If you’re the parent of a young adult just learning to drive, you may be wondering whether or not junior drivers license holders need car insurance.
You might also be wondering how much it will cost and whether or not you should require your child to contribute a portion of it.
If so, you’re not alone. Teaching our children to drive, and all the fears and questions that go along with it, is a normal part of being a parent.
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Before answering the question of junior drivers license holders and insurance, it is important to note that every state in the union, but New Hampshire as of 2011, requires some form of car insurance coverage. Even New Hampshire drivers are liable for any damages they cause.
Most states mandate that insurance be purchased from a company that is licensed to provide coverage in that state. However, there are a handful of states that allow drivers to be self-insured if they can prove they have the financial resources to cover the average claim.
What is considered a junior drivers license?
Although regulations vary from one state to the next, a junior driver’s license is usually issued to drivers under the age of 18. In states where kids can get their permits at age 15, and then take a road test at 16, that may mean up to two years driving with a junior license. A small number of states are bit more restrictive, mandating the junior license until age 21.
In addition to the various restrictions placed on junior drivers license holders, the need for car insurance is also a legal reality.
The only question in providing such insurance is who will pay for it and through whose policy the junior driver will be covered.
In a culture that is seeing a steady increase in split families, the answers to these questions are becoming more and more important. You must know your car insurance options as a parent of a young driver.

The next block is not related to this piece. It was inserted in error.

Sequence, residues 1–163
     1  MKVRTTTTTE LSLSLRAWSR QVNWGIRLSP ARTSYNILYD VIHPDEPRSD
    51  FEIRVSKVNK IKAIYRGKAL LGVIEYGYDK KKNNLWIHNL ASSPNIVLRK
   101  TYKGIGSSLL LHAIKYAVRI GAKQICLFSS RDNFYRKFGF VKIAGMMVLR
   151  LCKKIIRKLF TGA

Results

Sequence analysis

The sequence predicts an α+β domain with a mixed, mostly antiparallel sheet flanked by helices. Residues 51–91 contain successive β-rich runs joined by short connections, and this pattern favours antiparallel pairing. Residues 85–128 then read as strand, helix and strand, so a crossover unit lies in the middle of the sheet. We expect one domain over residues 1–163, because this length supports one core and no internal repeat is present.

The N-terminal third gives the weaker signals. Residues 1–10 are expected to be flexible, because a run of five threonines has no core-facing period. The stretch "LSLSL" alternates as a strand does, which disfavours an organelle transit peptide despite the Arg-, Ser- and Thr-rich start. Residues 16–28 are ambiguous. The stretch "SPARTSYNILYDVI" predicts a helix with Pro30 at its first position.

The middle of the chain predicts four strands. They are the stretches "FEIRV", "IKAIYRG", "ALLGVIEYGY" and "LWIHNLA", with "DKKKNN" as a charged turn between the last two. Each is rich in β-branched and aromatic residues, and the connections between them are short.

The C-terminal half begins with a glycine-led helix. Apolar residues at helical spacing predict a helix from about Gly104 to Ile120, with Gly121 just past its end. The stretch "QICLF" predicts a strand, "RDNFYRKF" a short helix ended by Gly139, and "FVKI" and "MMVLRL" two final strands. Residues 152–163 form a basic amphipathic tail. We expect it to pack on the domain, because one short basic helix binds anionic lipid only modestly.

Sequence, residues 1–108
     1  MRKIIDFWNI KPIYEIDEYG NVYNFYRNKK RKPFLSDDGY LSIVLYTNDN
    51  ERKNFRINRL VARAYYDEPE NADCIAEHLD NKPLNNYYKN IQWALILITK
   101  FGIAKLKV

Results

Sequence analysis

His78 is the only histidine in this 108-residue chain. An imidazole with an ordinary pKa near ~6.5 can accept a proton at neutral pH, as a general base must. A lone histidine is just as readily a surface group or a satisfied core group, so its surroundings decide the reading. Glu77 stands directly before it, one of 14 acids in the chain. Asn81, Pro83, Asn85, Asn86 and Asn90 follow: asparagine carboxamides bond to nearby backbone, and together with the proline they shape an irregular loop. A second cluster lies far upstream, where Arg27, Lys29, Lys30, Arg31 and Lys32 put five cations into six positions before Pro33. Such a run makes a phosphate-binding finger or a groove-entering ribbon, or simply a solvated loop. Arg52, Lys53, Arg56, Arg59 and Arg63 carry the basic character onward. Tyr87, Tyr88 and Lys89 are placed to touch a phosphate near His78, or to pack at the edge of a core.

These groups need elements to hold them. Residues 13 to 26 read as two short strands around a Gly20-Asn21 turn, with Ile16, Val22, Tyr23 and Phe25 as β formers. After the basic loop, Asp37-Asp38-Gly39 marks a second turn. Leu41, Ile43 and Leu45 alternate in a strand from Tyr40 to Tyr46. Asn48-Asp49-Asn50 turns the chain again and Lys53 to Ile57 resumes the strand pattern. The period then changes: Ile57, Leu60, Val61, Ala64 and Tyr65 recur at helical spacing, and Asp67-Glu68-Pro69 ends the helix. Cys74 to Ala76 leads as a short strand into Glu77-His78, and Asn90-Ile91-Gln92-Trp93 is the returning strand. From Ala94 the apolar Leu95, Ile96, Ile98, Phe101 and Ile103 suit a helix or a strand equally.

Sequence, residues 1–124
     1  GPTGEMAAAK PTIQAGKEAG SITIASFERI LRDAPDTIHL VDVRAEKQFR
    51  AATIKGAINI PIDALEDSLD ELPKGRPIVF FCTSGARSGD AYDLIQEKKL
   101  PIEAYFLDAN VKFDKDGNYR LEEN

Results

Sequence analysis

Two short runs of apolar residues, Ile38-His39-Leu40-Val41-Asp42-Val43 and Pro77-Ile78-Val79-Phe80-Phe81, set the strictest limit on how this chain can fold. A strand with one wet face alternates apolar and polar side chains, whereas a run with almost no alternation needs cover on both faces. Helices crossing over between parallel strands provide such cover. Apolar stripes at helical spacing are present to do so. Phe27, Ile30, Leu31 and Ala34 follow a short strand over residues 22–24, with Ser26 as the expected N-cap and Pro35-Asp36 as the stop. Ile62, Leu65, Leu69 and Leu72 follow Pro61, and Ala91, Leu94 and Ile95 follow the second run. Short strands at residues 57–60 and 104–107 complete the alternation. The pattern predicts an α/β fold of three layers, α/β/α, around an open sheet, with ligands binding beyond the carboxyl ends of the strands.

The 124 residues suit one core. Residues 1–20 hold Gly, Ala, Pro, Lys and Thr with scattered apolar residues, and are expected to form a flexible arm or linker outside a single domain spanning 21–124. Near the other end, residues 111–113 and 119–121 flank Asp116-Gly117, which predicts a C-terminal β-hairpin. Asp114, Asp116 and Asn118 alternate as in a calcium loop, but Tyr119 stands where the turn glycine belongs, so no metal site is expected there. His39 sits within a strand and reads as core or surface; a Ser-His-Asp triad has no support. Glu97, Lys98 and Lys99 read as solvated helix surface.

Do junior drivers license holders need their own car insurance polices?
At this time, it appears that no states require junior drivers license holders to have their own separate, distinct policies. Some states don’t even require that such drivers be specifically added to a parent’s policy until age 21.
However, most states only grant that liberty while a young driver still is operating on a learner’s permit. Once the young driver earns his junior license he will almost certainly be required to be added to the policy of his parents.
In the case of a split household – where mother and father are either separated or divorced – the question of whose policy will cover the child can be a sticky issue.
It is the responsibility of parents to seek the advice of their individual insurance companies, as well as the court system where appropriate, and then decide among themselves the best way to provide insurance for their child.
In either case, the child must be covered through the insurance policy of one of his parents or an approved guardian.
What happens if I don’t add my child to my insurance policy?
In a legal sense car insurance companies provide coverage for individual automobiles, but in a practical sense, this is not quite true. The reality of car insurance is that coverage is provided for individual drivers and their individual cars. That’s why driving history and risk assessment are part of determining insurance rates.
Therefore, if you fail to add your child to your insurance policy the provider may refuse to pay a claim incurred by the actions of that child.
As a further demonstration of how this works, consider what’s known in the industry as temporary car insurance. Temporary car insurance is purchased, among other reasons, to cover non-immediate family members, friends, or acquaintances who might borrow your car.
Insurance providers typically will not cover claims made by such drivers unless it can be documented they were operating your car on your behalf, doing something specifically for you. Car insurance for junior license holders works much the same way.
It is imperative that parents keep their car insurance companies informed of their teenage driver’s progress throughout the learning process. When a child earns his junior drivers license, car insurance becomes a must. Be sure to inform your provider at that time to have your child added your policy.
Fortunately, the cost is fairly inexpensive as long as the child remains in your home. Be sure to also inform your provider when the junior license is converted to a senior license; that will help bring the cost down as well.
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